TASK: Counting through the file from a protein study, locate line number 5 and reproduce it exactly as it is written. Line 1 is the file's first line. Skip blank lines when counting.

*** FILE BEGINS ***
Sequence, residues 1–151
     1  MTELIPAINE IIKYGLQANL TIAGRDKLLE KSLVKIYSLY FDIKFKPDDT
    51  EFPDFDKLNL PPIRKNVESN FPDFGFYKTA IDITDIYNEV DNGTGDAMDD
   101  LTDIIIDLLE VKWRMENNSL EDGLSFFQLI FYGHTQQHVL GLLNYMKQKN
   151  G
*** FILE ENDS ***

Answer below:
   151  G